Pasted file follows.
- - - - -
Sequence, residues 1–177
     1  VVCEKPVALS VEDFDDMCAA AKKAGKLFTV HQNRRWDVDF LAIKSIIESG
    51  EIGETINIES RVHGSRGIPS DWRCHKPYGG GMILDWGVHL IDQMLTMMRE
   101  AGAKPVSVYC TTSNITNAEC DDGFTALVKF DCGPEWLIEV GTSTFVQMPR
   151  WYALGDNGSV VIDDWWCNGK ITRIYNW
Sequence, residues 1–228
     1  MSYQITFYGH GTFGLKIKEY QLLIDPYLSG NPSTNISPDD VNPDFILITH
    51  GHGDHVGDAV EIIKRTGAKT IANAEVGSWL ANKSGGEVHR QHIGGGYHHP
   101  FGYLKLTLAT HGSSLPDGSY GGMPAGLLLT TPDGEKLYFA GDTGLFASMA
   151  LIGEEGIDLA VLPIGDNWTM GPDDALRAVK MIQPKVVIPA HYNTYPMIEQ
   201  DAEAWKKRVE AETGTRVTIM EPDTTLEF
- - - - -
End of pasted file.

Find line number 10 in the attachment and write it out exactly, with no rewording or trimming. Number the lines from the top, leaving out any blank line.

   151  LIGEEGIDLA VLPIGDNWTM GPDDALRAVK MIQPKVVIPA HYNTYPMIEQ